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Title: Exploring workplace gossip from the perspectives of Taiwanese women who engage in business socialization (Yingchou).
Authors: Lee, Lilian Lizhen.
Keywords: DRNTU::Social sciences::Sociology::Social psychology
Issue Date: 2010
Abstract: Despite the wealth of research available on gossip, its application into understanding organizational behaviours has been limited. This study addresses the gap in literature through a qualitative exploration of the interaction between workplace gossip and business socialization. Nine Taiwanese women (mean age = 35) with business socializing experience were interviewed. Content analysis was conducted using the Spradley (1979) method. Findings indicated that socializing for business is perceived to be a masculine activity, so women run a higher risk of being gossiped about when they engage in it. In addition, the majority of gossip tended to be negative, and focused on social blunders committed. Supporting the view that women are disadvantaged when working in male-dominated environments, it was also found that gossip contained references to the negative stereotype that women exploit their femininity during socializing. To avoid gossip, women exhibited counter-stereotypic behaviours through the adoption of various impression management strategies. Practical implications of these results are discussed from the perspective of the functions that gossip can serve in maintaining the status quo of the organization.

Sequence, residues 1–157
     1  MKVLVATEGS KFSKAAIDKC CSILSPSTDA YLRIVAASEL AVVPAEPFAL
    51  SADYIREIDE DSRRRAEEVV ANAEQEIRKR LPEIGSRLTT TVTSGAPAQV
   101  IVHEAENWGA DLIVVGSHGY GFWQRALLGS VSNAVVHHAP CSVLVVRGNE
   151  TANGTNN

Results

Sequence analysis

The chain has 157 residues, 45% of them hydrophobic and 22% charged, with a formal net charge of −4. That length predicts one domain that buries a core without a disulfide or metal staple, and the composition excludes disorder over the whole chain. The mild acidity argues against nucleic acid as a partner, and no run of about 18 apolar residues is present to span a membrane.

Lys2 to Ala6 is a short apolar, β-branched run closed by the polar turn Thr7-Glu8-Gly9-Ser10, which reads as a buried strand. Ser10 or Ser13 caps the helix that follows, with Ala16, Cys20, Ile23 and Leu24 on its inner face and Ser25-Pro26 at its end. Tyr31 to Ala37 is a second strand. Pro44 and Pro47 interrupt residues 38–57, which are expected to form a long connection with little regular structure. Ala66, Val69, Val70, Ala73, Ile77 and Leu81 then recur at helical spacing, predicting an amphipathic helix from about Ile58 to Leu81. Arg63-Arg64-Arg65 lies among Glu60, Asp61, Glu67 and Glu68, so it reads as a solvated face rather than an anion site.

Rights: Nanyang Technological University
Fulltext Permission: restricted
Fulltext Availability: With Fulltext
Appears in Collections:HSS Student Reports (FYP/IA/PA/PI)

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